Now I have another problem to address: paying for school.  Court reporting college is expensive, and I am very reluctant to go into debt for $40,000.  Almost all of my college was paid for through scholarships and fellowships.  I can’t do that here.  Without the Collector’s money to fall back on, I have to do this myself.

Which brings me to the next part of my plan!  I’ve been scheming!  Scheming about how I’m going to pay for this!  And it’s sex work, natch.  A new kind of sex work!

Is it a hair-brained scheme?  Is it spectacularly ill-advised?  Or is it feasible?  Indeed, I ask you, WHAT COULD GO WRONG?

You tell me!  I’m writing about it in the next installment.

New Update: Dad Material? New Career!

I had to give up my old apartment, which is a crying shame.  It was an attic apartment in an old Victorian house, close to the river and in a great neighborhood.  It had a sloped ceiling in the living room and big trees in the yard and two raccoons that would peek in the window at night.  It was also nice and QUIET (as I age, I am slowly but surely turning into a true noise crank).  I liked it there.

Well, the Collector was threatening to buy the house my apartment was in (yes, the entire building) if I didn’t stop “hiding” from him (and maybe hiding shouldn’t be in quotes because I was, in fact, hiding).  He’s shown up at my door before and it was pretty awful.  I’ve had a lot of experience with boyfriends who just come over break the door down (or, in his case, let themselves in with secretly-made copies of my house keys) and it was giving me a lot of anxiety, so I moved.

I think that we’re done.

Which brings me to the next topic…and it’s awkward….

Something has happened to me in the last few years.  I started to think I’d like to eventually have a baby. 

I’m a shocked as you are.  I never wanted children before.  I felt strongly enough about it to put it into my online dating profiles. I am at a loss to explain why I changed my mind.  The only thing I can think of is that there really is something to that old trope about the biological clock: I’m in my late 30s now, and I no longer have a seemingly unlimited period of fertility ahead of me.  My mother went into menopause early.  It occurred to me that if I want a family, it’s something that I will need to plan for.  Not immediately, but in the foreseeable future.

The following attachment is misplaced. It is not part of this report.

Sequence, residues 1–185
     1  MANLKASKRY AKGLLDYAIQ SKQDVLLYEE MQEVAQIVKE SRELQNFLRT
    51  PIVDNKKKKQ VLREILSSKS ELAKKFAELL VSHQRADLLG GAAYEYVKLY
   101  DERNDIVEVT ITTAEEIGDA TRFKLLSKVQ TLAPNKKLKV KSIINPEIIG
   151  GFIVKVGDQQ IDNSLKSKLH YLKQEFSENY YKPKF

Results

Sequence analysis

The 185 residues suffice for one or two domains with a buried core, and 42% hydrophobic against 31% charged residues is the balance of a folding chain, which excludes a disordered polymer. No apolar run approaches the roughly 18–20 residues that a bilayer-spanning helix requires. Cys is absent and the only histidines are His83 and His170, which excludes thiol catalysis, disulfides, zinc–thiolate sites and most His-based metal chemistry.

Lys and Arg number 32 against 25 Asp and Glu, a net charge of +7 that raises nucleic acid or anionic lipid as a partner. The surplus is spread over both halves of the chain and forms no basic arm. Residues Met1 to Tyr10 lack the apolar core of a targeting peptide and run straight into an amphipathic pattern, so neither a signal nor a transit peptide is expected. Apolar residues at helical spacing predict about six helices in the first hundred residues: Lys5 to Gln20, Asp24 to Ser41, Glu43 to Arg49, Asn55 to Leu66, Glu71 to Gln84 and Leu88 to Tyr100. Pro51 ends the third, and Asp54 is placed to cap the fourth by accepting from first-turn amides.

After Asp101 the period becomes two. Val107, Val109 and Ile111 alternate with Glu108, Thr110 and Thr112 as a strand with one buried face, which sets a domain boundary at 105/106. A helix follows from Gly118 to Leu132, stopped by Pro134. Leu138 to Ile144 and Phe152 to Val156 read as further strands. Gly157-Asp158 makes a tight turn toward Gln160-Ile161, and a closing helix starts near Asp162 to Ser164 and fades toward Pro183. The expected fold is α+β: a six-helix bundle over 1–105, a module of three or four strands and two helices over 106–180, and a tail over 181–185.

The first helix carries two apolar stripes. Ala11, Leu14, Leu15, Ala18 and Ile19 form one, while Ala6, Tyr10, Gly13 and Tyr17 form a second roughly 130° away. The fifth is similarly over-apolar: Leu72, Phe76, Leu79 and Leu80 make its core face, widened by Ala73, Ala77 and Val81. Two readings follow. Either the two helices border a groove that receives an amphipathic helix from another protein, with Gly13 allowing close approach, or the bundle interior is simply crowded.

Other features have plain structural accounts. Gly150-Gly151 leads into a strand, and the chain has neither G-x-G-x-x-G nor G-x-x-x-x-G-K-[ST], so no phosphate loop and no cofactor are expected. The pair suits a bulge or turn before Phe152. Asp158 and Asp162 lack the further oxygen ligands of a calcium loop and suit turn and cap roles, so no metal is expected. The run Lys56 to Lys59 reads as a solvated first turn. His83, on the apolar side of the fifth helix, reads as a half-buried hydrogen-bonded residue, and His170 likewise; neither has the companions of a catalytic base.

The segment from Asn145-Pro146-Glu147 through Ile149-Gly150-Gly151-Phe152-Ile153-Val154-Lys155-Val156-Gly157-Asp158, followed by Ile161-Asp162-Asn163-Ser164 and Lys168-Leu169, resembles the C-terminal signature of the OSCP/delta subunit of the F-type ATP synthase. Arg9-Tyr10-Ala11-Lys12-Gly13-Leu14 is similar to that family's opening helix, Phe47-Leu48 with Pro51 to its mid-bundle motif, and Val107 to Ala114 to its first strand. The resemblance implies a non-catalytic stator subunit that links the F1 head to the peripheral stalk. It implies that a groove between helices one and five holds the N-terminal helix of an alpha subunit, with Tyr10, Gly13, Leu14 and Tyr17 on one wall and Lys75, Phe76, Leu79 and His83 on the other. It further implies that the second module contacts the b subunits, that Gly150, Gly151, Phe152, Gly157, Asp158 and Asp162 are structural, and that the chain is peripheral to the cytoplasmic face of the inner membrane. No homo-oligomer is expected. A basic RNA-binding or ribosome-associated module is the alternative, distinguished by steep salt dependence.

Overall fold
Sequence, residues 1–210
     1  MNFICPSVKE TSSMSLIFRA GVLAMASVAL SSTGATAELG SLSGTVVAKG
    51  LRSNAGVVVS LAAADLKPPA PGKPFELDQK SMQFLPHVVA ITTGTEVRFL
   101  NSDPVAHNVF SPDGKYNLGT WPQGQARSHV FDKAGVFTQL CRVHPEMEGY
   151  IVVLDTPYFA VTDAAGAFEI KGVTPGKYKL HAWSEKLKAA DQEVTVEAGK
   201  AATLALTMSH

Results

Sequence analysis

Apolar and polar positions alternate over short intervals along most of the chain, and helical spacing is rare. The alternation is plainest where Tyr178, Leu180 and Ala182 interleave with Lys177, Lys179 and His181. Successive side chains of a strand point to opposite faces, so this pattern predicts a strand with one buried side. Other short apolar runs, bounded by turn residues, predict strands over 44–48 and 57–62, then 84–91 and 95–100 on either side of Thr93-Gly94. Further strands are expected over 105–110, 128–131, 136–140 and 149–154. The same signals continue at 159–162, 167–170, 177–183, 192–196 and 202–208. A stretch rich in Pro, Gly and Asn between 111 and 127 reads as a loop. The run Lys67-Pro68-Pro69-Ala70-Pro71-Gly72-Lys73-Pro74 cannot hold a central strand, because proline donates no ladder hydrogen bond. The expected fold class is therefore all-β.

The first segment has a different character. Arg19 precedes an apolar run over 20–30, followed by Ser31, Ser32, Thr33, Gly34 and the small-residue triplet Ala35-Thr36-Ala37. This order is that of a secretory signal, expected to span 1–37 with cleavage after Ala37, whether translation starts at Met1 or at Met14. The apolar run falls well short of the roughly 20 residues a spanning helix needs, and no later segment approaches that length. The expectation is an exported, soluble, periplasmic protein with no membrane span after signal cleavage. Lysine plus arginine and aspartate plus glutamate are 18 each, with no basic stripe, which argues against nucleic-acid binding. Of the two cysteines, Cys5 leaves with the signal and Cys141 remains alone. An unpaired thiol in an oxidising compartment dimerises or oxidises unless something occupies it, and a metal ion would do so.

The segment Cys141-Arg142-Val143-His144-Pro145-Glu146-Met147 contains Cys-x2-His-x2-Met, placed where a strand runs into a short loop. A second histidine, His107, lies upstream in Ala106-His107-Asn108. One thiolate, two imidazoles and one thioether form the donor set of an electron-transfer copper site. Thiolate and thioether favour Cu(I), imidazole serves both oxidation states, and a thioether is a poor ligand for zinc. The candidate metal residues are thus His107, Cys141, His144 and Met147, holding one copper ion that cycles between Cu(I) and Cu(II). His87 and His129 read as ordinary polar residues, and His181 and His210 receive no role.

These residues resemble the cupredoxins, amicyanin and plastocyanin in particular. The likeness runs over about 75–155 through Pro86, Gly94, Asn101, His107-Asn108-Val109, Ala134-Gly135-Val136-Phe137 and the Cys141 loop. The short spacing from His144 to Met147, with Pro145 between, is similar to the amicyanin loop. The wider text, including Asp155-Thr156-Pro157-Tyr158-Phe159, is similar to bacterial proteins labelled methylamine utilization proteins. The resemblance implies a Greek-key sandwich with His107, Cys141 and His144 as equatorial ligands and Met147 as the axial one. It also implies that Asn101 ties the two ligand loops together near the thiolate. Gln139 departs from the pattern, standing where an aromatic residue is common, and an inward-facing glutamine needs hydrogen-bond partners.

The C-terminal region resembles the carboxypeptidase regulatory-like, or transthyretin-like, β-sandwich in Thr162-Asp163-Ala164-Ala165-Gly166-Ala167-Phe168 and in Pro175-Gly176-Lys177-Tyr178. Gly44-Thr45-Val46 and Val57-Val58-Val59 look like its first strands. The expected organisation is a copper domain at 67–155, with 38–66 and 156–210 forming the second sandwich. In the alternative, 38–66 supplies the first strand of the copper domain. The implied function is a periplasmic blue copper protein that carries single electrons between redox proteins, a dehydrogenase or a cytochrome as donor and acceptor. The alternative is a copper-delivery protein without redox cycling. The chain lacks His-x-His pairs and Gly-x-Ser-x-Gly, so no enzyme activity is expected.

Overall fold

I told the Collector about it and he suggested that I freeze my eggs.  He even offered to pay for it.  I was blogging while this was going on, but it was too personal for me to share online at the time.  I took him up on his offer and started going to the fertility clinic.  It was one of the most expensive gifts a man has ever given me, but I took it.  I had to go to classes and sign a lot of legal paperwork and inject myself in the abdomen twice a day, and then some of my eggs were harvested and frozen.  They are floating in a vat of liquid nitrogen.

A year and a half later, our relationship had grown, and he told me that he wanted to be the father.  He said that he always wanted to have a daughter. This is a huge thing for me.  I mean, can you imagine it?!  I thought about it.  I’ve been thinking about it for a long, long time.  On paper, it sounds great.  He’s twenty years older than me. How many men his age are willing to have a new baby?  Wow, aren’t I lucky that I found a guy like this?  Look at all the things the Collector could give a baby!  It would have every material advantage!  The best education money can buy!  The best health care! It would live in the most exciting city in the world!  It would have two high-IQ parents!  It would probably be good looking!

The Collector had one restriction: he wants me to wait till I’m 40.  Which is fine!  I have more work to do on myself.  I need at least two–and preferably three–years of unbroken sobriety before I even THINK of actually becoming a mother.